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Your business doesn't want to get caught in an unpaid intern lawsuit like Fox Searchlight or NBC. But if it does, then mediation might be a good alternative to court.
The recent spate of lawsuits by unpaid interns who allege they were treated as regular employees (minus pay) could be mitigated through mediation, which is not only private but also doesn't attempt to pit one party against the other, reports Inside Counsel.
Non-adversarial alternatives like mediation can often discover a middle ground or compromise that litigation wouldn't consider, and can save your business the time and money of being dragged through court.
Here are some general facts to know about mediating unpaid intern lawsuits:
Mediation Is Not a Zero-Sum Game
Litigation is by definition an adversarial process. One party represents her interests vigorously against the interests of another party in hopes of convincing a jury or a court to decide one way or another.
Mediation, by contrast, allows for the possibility that both parties' interests can be met such that there are no losers. When mutual interests are promoted, both sides can even emerge as winners.
When your business is dealing with an unpaid intern who may have an ax to grind, mediation may be the best alternative which allows your company and former intern to walk away feeling vindicated.
Privacy and Confidentiality
In addition to prodding each party towards settlement, mediation is private while litigation is public. This can mean avoiding negative publicity and damage to consumer goodwill while the case drags on.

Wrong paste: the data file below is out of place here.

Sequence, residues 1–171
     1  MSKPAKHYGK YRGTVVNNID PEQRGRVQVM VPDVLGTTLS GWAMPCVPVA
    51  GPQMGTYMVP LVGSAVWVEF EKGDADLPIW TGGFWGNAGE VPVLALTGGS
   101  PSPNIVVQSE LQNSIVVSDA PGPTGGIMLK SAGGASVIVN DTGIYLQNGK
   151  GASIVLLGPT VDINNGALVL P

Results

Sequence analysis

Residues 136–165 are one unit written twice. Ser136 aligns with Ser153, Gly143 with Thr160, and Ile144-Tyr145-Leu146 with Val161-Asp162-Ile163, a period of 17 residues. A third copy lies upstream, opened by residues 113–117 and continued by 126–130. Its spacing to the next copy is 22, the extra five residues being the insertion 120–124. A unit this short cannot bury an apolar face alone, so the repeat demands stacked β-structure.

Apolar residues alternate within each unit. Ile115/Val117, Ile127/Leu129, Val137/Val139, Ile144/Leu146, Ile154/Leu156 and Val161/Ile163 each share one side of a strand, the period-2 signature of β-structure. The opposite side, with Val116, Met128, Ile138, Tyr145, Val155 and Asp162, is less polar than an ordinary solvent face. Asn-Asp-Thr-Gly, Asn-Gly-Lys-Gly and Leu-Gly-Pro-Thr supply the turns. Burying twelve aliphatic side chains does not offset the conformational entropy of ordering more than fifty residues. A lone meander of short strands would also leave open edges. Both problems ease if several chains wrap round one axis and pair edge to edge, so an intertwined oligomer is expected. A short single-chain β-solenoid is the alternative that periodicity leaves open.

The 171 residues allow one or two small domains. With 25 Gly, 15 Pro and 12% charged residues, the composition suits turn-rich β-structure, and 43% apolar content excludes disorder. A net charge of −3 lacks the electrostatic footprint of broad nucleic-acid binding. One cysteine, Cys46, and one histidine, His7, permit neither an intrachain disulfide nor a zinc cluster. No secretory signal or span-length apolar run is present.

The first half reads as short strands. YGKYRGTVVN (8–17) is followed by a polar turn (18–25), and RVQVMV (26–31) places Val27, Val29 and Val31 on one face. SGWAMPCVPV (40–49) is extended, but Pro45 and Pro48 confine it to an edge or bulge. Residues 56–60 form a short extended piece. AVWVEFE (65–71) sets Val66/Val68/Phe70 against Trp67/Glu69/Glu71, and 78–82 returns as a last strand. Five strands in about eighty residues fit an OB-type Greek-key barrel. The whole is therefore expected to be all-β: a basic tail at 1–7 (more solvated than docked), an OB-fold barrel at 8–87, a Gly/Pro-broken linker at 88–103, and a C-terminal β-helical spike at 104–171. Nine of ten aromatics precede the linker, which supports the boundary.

Mediators are neutral parties similar to judges. But unlike a judge, a mediator can work with each party separately and then together, while keeping each party's information confidential.
Your former unpaid interns may appreciate the privacy of mediation as well, especially if they are worried about publicly marking themselves as "troublemakers" in your industry, reports Inside Counsel.
A jury verdict and judgment at the end of an acrimonious trial might leave both parties feeling drained, but by having each party collaborate toward a solution, mediation can help preserve long-term interests.
In unpaid internship lawsuits, it is very possible that the teenager or 20-something who was working for free is really still interested in working with you or some of your competitors. That's why it may behoove your business to find a solution that doesn't burn any bridges.
You can also take the money you would be spending on lawyers' fees (and possibly a losing judgment) to instead create a budget for a paid internship program, or one that at least avoids federal wage violations.
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